The 2020 United States Census, which counts every person in the United States and five U.S. territories, concluded on October 15, 2020.
The goal of the United States Census is to count every person only once and in the right place.
Article I, Section 2 of the U.S. Constitution mandates that a population and housing count occur every 10 years. The results determine how many seats in Congress each state receives. The Census also provides critical data that lawmakers, businesses, educators, and many others use to provide daily services, products, and support for individuals and their communities.
The latest information about the 2020 Census can be found on the 2020 Census Results website https://www.census.gov/programs-surveys/decennial-census/decade/2020/2020-census-results.html
Required by law, the Redistricting Data Program provides states the opportunity to specify the small geographic areas for which they wish to receive decennial population totals for the purpose of reapportionment and redistricting.
Under the provisions of Title 13, Section 141(c) of the United States Code (U.S.C.), the Secretary of Commerce (Secretary) is required to provide the ‘‘officers or public bodies having initial responsibility for the legislative apportionment or districting of each state ...’’ with the opportunity to specify geographic areas (e.g., blocks, voting districts) for which they wish to receive decennial census population counts for the purpose of reapportionment or redistricting. By April 1 of the year following the decennial census, the Secretary is required to furnish the state officials or their designees with population counts for American Indian areas, counties, cities, census blocks, and state-specified congressional, legislative, and voting districts.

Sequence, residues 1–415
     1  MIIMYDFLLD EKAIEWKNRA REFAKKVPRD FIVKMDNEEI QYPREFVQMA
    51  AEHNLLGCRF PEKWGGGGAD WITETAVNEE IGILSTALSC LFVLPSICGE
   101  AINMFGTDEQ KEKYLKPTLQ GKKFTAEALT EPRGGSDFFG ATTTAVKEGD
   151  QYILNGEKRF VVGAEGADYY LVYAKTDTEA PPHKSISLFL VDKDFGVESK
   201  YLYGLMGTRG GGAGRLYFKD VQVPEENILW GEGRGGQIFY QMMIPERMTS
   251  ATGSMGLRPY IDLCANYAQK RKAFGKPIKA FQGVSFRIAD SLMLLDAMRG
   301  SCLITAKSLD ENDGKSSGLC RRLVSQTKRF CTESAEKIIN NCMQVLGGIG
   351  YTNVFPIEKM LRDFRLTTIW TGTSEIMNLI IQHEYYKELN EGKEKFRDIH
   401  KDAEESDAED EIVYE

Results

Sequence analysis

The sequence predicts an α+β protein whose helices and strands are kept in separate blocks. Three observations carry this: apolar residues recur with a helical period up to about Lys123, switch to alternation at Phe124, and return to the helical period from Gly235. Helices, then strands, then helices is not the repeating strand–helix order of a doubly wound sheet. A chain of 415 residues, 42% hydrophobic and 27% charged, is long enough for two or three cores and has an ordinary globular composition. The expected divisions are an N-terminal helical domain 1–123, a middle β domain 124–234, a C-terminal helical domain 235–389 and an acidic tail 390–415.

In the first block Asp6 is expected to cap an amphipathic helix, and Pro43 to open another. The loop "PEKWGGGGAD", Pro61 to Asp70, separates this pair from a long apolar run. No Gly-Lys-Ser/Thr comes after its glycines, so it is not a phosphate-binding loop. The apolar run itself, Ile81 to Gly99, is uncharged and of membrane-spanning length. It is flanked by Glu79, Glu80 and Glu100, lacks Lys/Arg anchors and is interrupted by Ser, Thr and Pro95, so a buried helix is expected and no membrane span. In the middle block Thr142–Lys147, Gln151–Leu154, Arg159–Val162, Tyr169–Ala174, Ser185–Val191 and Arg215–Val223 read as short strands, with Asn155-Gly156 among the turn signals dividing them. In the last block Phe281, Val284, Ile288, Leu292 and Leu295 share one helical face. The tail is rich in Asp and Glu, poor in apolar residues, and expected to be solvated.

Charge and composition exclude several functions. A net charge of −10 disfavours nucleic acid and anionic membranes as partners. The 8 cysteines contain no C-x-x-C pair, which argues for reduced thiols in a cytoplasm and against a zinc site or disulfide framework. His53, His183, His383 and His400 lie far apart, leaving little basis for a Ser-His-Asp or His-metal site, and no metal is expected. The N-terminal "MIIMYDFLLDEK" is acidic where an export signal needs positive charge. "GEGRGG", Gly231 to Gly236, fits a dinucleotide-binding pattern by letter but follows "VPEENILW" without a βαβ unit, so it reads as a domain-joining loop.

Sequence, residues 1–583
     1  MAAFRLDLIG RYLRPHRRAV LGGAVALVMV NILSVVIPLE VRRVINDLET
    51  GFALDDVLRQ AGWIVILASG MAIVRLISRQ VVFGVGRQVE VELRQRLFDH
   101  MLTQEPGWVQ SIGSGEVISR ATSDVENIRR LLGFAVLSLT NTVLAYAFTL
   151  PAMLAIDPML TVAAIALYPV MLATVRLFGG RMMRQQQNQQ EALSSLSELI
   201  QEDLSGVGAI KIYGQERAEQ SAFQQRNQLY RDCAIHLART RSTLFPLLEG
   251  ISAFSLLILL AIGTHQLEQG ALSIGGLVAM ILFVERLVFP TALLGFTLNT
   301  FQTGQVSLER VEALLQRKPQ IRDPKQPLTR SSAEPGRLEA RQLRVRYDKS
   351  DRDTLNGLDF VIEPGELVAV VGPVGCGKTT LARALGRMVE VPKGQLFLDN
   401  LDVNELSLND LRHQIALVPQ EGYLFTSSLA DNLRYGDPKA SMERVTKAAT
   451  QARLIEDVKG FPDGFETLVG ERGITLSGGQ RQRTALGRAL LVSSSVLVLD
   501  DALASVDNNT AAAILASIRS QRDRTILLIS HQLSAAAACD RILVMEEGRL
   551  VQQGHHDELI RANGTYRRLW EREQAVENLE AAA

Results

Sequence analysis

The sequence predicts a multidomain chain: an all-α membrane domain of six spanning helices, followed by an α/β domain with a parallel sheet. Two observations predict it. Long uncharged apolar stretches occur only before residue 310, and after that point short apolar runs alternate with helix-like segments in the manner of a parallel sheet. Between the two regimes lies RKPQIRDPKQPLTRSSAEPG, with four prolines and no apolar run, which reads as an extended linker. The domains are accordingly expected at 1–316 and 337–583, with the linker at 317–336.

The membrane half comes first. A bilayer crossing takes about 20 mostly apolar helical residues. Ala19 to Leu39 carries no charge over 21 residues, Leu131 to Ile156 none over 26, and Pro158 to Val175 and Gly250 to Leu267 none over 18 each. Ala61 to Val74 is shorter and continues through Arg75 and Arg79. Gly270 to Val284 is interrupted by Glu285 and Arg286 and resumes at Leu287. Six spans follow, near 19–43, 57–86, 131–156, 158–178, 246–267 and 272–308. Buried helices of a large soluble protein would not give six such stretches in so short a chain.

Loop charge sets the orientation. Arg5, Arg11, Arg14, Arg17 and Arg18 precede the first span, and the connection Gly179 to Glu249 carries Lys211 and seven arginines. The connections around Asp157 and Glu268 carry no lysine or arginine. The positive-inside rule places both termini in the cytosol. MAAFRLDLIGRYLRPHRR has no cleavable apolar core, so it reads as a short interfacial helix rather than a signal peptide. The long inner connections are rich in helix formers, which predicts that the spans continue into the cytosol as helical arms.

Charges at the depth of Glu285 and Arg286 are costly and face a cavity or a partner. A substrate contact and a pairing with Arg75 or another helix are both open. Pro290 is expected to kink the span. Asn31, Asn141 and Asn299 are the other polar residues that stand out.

The 2020 Census will use a powerful new privacy protection system known in scientific circles as “differential privacy,” designed specifically for the digital age. The Census Bureau is transitioning to this new, privacy protection system to keep pace with emerging threats in today’s digital world.
A new disclosure avoidance system (DAS) is needed to defend against new threats posed by today’s technology: growing computing power, advances in mathematics, and easy access to large, public databases. Combined, these changes could allow highly sophisticated users to identify common data points between our published statistics, or between our statistics and outside databases. They could use these common threads to potentially identify the people or businesses behind the statistics. Our research shows that the risk of successful re-identifications is unacceptably large. We are committed to applying better and stronger protections with each advance in data science.
To learn more, please see: Protecting the Confidentiality of America’s Statistics: Adopting Modern Disclosure Avoidance Methods at the Census Bureau and Ensuring Confidentiality and Fitness-for-Use.